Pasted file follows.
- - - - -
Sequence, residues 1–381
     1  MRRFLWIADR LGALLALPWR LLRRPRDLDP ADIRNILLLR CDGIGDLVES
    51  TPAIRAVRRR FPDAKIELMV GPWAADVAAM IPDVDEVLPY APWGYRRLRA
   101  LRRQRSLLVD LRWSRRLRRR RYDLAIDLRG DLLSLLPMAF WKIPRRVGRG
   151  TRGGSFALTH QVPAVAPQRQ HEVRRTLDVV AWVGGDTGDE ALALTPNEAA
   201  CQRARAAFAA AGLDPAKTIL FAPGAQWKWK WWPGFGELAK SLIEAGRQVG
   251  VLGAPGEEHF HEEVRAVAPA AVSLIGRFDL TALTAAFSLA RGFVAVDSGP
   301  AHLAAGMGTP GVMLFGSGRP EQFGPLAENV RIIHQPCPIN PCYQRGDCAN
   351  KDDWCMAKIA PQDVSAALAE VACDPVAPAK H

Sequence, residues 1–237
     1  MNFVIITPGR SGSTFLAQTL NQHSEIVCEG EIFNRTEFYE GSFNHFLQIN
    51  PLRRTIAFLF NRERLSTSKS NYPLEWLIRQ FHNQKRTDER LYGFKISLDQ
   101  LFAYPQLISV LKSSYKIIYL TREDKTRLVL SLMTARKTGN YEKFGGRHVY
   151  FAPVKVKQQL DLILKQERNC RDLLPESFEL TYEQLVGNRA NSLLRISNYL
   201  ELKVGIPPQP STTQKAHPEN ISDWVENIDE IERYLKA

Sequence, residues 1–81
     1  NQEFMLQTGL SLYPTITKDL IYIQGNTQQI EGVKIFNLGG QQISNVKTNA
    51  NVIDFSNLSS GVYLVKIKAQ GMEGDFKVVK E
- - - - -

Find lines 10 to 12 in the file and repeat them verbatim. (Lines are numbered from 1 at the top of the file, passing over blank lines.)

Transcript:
Sequence, residues 1–237
     1  MNFVIITPGR SGSTFLAQTL NQHSEIVCEG EIFNRTEFYE GSFNHFLQIN
    51  PLRRTIAFLF NRERLSTSKS NYPLEWLIRQ FHNQKRTDER LYGFKISLDQ